In one of our meetings, we have Wake Tech students who are currently at UNC come back to Wake Tech and sit on a panel and let our current students ask them whatever they want as far as the challenges they saw, or mundane questions like “what’s your favorite place to eat on Franklin Street?” Just a series of questions that are of general interest to ask them. The students find that session really helpful because they hear straight from students who just experienced their switch from Wake Tech to UNC.
How has the program helped students?
I find the benefits of the C-STEP program to be two-fold. One: It gives students a cohort of friends or peers—people who are going to hold them accountable and help motivate them. It’s a cohort to transfer with, of friends they can rely on. A lot of the time we hear transfer students don’t have that, and when they transfer as juniors they find that people have already formed cliques or study groups or they all know each other and they kind of feel lost. Second: We ease their transition by giving them contacts, by helping them already know the campus, and by helping them understand what the requirements and expectations are at UNC.
As advisors, we meet with students weekly, bi-weekly—I have students who drop by my office every other day. We try to form good mentoring relationships where they can drop by our office anytime they have challenges. In the C-STEP program, we’re trying to cultivate the kind of habits they’ll need at UNC; because even though they might be intelligent, UNC requires more than intelligence: It requires application and cultivating the right study habits.
Why do students choose to start at Wake Tech instead of a four-year university? How many students are enrolled in C-STEP at Wake Tech?
We find students who come because it’s cheaper; we find students who find a large university intimidating. Some of them have already applied to UNC and they got rejected, so this is kind of a second chance. Some of them have heard about the program in high school and they had unfortunate circumstances in high school: They wanted to go to UNC, or some other good university, but they just had an unfortunate circumstance. UNC, with the many applications they often get, they can’t look personally at everybody’s background and what may have happened.
I had a student, for instance, who was adopted from South America at the age of thirteen or fourteen, and so her grades freshman and sophomore years of high school were very low. She didn’t even know English very well, but she is a very bright student. UNC would just look at her overall GPA and say “it’s not cutting it.” Instead, she came to the community college, got straight A’s in her first semester, applied to the C-STEP program, and then she successfully graduated from UNC. So it’s kind of a second chance; a chance for us to look more personally, since we don’t have as many applicants.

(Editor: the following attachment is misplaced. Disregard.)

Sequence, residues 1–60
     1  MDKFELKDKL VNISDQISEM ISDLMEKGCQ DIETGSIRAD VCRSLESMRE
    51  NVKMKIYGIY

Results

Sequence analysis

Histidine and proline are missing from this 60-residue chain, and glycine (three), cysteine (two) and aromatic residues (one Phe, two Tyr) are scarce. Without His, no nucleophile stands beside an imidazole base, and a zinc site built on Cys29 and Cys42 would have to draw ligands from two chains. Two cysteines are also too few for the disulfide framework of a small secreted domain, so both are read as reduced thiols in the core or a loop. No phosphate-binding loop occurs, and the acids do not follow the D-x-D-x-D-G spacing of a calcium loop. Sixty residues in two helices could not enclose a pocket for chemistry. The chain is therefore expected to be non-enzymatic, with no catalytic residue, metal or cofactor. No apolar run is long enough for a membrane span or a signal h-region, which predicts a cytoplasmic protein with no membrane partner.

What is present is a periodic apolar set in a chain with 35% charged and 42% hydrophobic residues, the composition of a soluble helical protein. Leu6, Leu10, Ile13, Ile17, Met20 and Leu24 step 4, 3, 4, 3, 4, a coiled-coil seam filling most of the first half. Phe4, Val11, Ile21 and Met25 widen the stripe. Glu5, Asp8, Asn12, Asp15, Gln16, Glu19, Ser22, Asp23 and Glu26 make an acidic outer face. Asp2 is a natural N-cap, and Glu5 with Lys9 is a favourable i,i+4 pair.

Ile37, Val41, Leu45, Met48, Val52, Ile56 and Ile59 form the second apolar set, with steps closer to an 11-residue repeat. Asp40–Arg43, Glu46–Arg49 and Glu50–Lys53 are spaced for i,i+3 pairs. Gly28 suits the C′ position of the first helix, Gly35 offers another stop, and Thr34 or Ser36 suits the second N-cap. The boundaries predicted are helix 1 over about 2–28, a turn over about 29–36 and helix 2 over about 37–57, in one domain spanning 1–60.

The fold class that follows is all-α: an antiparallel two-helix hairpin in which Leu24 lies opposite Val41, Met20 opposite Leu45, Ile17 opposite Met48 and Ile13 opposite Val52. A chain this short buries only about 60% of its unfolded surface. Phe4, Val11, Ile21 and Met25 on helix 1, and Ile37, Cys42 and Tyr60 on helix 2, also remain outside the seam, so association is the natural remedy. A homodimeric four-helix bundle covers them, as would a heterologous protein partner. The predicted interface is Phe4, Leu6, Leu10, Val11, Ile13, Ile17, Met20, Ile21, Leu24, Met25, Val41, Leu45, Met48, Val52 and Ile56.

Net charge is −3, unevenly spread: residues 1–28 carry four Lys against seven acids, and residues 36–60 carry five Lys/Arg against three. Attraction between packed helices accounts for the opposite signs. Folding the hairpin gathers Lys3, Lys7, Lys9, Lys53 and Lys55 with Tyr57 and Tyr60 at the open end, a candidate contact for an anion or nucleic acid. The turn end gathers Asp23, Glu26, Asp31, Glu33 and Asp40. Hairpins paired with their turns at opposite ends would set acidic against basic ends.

What are some of the hurdles that students face when transferring?
Some of them are not used to the coursework, the rigor. Many of the students at Wake Tech live with their parents or they have part-time—sometimes full-time—jobs, which you just can’t have at UNC: Your school is your full-time job.
How successful are C-STEP students—during the program and after they transfer? Is there any data on how many students participate and what schools they transfer to?
C-STEP students at Wake Tech that transfer to UNC have an 81.6 percent graduation rate after three years at UNC. That’s in comparison to 68.3 percent for the rest of the community college transfer population to UNC. We just calculated this data recently.
The final GPA from Wake Tech C-STEP students is a 3.1 when they graduate from UNC, as opposed to a 2.8 for non-C-STEP community college students. Part of it might be self-selective: Students who are motivated, are goal-directed, our program is something they look into and apply for. We offer a lower transfer rate. The average transfers to UNC is 3.75 GPA. For us, it’s a 3.2 [GPA]. The reason for that lower standard is that, under two years, we try to give them the resources and guidance they need to step up to the plate.
We do have some students who drop out of the program for whatever reason. I would say that out of twenty we usually have one or two that drop out every year. We usually have twenty in each cohort, forty total. We probably have a 5 or 10 percent dropout rate. And this can be for a variety of reasons: I had two students drop from last year to this year, and it was both because they moved to another state. Sometimes it’s because they even find the community college too difficult—it can be for a variety of reasons. But usually no more than that.
What I love most about this program is that these students are very self-motivated. They have big dreams and big goals and part of what I love about advising the program is seeing students grow from high school age just getting to Wake Tech to becoming researchers. Some of these students I’ve seen go on to law school, one is at med school at UNC; there’s another student from our program who entered right when I started and he is currently in California in a PhD program in psychology. We have at Wake Tech another girl who is a nightly news reporter in Florida. They go on to do great things and to achieve their dreams, which is a lot of fun to watch.
Shannon Watkins is senior writer at the James G. Martin Center for Academic Renewal.